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Henderson Wealth Partners can help you create a wealth transfer strategy that supports your philanthropic and legacy goals while allowing you to enjoy the personal and financial benefits of giving. The following is a list of commonly-used strategies for making gifts to charity:
A charitable remainder trust is an irrevocable trust with both income and remainder interests. Income is paid to designated beneficiaries for a term or lifetime. The remainder interest is paid to qualified organizations as specified in the trust document when the trust terminates.
In a charitable lead trust, the trust pays a fixed percentage of assets to a qualified charity for either a set number of years or for the life or lives of the individuals. When the amount of the trust has ended, the remaining assets are distributed to the donor or heirs as noted in the terms of the trust.
Donor-advised funds are charitable giving accounts offering an accessible, simple, and less expensive alternative to establishing a private foundation. Donors contribute tax-deductible assets to their accounts and decide when and which charitable organizations will receive gifts or grants, and the amount of the gifts over time. The sponsoring organization, usually a financial services provider, does the record keeping and due diligence and, unlike private foundations, can protect a donor's identity if requested.
An irrevocable life insurance trust (ILIT) is typically used to shelter an insurance death benefit from estate taxes and may provide liquidity to pay estate taxes and settlement costs. A trust is created and then the trust purchases and owns a life insurance policy. Upon death the insurance proceeds are paid out in accordance with the terms of the trust.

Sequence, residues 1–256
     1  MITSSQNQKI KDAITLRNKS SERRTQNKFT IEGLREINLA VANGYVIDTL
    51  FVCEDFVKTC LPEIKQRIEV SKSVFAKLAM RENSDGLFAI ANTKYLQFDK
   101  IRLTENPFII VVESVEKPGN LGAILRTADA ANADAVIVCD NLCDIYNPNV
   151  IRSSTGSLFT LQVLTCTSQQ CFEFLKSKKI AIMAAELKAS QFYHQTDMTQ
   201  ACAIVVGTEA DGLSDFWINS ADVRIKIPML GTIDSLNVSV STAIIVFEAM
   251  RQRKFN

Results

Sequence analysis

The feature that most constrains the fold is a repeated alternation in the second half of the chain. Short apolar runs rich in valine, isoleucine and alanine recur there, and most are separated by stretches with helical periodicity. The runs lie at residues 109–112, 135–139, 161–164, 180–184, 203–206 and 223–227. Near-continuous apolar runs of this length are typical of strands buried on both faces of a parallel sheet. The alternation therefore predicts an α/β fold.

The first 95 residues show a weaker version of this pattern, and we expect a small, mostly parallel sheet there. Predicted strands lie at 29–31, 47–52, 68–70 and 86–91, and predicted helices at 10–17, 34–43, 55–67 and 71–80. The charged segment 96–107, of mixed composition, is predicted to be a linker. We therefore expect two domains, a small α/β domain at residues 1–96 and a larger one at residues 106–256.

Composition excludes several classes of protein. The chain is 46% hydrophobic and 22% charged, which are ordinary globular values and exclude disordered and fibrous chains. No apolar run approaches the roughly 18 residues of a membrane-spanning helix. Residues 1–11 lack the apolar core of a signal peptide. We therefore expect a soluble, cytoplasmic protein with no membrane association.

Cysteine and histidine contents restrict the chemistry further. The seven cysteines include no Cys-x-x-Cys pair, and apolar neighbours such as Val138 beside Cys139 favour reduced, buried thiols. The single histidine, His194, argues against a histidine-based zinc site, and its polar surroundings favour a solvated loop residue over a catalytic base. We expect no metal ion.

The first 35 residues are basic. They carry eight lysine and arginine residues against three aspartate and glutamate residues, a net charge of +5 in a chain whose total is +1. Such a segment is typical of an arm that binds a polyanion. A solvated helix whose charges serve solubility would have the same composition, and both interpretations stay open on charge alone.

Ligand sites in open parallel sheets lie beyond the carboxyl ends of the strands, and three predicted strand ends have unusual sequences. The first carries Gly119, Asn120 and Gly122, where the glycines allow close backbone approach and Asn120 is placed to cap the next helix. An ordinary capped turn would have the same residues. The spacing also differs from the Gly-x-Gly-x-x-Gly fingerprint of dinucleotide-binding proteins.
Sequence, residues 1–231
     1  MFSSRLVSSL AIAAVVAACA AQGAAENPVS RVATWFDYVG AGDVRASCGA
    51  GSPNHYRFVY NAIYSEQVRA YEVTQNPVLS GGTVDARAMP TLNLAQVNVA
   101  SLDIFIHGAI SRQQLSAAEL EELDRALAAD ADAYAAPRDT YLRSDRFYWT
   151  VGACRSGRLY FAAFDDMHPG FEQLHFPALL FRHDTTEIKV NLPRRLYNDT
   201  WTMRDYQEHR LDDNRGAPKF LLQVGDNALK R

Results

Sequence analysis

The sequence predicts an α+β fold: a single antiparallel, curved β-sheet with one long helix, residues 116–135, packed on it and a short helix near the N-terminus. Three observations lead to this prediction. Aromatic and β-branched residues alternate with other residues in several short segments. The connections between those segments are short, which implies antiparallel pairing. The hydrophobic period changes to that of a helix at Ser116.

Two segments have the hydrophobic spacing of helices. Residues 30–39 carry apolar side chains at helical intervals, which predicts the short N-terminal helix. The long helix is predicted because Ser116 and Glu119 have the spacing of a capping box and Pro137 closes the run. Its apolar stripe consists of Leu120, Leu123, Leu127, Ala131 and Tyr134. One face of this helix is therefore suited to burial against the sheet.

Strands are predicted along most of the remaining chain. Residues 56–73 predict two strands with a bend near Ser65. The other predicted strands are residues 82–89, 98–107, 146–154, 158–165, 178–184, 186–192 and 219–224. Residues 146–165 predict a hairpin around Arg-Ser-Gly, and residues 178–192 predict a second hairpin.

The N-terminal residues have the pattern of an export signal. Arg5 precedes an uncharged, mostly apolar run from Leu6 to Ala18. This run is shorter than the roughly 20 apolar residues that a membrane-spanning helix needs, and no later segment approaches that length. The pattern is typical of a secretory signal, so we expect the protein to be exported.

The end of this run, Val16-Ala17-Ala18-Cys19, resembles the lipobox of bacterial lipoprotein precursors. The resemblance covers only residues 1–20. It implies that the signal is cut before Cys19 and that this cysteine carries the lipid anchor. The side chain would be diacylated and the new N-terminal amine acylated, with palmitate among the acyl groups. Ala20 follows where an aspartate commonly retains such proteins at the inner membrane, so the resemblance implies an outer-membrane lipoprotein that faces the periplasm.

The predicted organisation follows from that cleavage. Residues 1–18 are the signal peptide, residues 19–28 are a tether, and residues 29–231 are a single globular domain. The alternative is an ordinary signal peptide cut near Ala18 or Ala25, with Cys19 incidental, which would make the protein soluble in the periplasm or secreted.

A private foundation is a legal entity set up by an individual, a family or a group of individuals for philanthropic purposes. Unlike a charitable foundation, a private foundation does not generally solicit funds from the public.
A supporting organization is a charity that carries out its exempt purposes by supporting other exempt organizations, usually other public charities. This classification is important because it is one means by which a charity can avoid classification as a private foundation, a status that is subject to a more restrictive regulatory regime.
The right to the use and enjoyment of certain property (usually real estate) for life only. Someone who inherits a life estate in a house may live in the house for his or her life but has no right to sell it or to confer it at death. For example, a man in his second marriage might leave a life estate in his house to his surviving wife, with the provision that at her death, it is to go to his children from his previous marriage.
As an alternative method for donating to a charity, certain taxpayers may transfer funds from their IRA to an eligible charitable organization. To qualify, the funds must be contributed directly by the IRA trustee to the eligible charity and meet specific IRS guidelines.